Two characters, Scythe Master and Claudia, are having a conversation in this book I’m translating. The first speaker is Scythe. (Bolded part is what I’m 87% sure is a rhetorical question, based on what comes before and after it’s said.)
“Already arrangements to locate his immigration documents are underway, in addition to a method of erasure. Before long there will be no trace of him for anybody to pursue. The secrecy is flawless.”
“…I think that is agreeable. Scythe Master. I’ll leave this young man to you. However, Ein and Zwei…. Your students’ names at least, perhaps they should have been given a bit more thought?”
Saying as such over her shoulder, Claudia also leaves the room. At her back the silver-haired man scornfully laughs until she is out of sight.
A friend of mine suggested that I change Claudia’s second line to
However, Ein and Zwei…. Perhaps your student’s names should at least have been given a bit more thought.
I think this suggestion is due to the reader (my friend) not realizing that the question was rhetorical, as kiamlaluno states in their answer here, “…whoever asks the question is not interested in an answer, but wants to remind somebody else of something they should, or could do” (kiamlaluno).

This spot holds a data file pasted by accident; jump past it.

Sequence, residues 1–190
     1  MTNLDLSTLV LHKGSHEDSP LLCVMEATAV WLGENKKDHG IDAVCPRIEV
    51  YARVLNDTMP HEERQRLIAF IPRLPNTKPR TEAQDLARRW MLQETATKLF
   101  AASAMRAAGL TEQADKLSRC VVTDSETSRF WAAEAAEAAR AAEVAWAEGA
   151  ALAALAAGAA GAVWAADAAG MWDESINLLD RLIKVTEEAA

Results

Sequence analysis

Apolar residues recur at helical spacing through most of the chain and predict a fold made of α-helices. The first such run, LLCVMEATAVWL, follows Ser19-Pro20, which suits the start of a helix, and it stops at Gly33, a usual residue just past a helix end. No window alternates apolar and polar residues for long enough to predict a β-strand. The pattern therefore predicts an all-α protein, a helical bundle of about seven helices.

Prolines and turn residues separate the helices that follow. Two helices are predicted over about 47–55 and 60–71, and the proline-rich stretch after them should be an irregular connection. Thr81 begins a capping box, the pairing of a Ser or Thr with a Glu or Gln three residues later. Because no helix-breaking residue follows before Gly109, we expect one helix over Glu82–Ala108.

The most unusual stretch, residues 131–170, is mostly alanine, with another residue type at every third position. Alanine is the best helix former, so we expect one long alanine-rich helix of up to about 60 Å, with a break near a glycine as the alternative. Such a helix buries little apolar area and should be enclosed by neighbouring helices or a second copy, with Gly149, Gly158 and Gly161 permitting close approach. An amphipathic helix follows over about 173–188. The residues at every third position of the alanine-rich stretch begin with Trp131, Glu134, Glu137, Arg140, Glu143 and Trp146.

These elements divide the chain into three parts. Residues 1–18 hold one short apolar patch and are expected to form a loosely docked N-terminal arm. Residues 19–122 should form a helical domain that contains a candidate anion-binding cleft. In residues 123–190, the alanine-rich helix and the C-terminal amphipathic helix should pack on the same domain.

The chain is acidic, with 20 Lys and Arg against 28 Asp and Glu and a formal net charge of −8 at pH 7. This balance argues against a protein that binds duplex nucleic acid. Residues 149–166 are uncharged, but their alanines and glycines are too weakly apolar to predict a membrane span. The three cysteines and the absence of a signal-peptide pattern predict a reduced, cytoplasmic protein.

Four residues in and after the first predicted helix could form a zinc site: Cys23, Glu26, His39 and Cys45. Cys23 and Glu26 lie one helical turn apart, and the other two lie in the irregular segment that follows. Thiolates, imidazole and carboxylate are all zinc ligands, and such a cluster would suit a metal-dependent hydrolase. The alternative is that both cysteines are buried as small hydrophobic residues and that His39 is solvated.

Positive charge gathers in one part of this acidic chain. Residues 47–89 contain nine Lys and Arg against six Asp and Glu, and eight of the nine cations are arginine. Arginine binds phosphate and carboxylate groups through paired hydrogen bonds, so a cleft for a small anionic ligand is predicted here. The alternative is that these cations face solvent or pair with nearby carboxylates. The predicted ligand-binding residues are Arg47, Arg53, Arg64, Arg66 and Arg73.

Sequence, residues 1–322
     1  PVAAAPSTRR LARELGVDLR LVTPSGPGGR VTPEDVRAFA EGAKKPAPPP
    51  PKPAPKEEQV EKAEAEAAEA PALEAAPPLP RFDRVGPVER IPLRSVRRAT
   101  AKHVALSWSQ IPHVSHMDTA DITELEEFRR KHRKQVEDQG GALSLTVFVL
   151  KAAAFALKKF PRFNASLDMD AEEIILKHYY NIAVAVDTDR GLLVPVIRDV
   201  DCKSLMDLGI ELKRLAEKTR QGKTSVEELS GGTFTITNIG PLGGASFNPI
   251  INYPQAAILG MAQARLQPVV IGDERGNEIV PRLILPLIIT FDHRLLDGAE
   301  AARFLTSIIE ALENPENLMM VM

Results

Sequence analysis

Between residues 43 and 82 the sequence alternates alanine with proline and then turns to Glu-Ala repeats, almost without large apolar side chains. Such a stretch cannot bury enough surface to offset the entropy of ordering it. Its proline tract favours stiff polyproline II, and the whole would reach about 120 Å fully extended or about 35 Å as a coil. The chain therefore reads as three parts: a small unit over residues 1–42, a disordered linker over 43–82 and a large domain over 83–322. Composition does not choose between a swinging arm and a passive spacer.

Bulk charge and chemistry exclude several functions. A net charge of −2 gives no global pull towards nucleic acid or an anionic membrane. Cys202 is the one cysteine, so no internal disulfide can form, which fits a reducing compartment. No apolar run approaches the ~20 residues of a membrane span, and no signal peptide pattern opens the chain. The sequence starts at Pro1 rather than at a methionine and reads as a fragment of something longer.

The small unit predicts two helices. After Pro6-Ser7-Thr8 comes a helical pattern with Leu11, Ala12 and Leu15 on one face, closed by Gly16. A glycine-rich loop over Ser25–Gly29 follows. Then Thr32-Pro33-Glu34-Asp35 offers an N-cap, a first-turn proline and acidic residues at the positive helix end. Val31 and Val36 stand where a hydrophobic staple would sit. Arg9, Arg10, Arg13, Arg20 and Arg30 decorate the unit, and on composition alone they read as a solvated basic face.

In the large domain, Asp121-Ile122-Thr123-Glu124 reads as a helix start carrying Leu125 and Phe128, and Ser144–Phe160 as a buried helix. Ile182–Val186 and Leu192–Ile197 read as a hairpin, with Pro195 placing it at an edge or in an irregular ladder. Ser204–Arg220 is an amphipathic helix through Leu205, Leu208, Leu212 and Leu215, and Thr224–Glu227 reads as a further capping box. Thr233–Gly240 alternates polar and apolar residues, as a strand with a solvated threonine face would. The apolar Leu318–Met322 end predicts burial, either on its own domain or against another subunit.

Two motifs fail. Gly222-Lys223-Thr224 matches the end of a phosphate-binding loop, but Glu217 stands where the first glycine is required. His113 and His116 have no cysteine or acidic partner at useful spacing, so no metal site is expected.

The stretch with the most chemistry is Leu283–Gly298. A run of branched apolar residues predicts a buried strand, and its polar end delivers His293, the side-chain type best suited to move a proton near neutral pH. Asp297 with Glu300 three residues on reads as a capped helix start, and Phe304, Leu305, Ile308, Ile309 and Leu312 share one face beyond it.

How do I clarify to readers that the bolded dialogue question is a rhetorical question?
"Your students’ names at least, perhaps they should have been given a bit more thought?"
Saying as such over her shoulder, Claudia also leaves the room.
The fact that Claudia leaves the room, not expecting an answer, makes it obvious that it’s rhetorical. The action speaks for itself, so you don’t need to worry about the sentence in the first place.
If the action doesn’t mark it as rhetorical, no amount of rephrasing is going to. (Unless you use a deliberate dialogue tag, like Claudia said rhetorically—but that would be a little forced.)
As for the rephrasing of the question, the suggested change is certainly not as nearly a rhetorical-seeming question as the original version. In fact, it reads more like a statement than a question.
Just using a question mark would fix that—although I still don’t think it would be as good a sentence as the original. However, assuming I were to use such a rephrased version, I would make a slight change to the word order:
"Perhaps at least your students’ names should have been given a bit more thought?"
(With the question mark at the end.)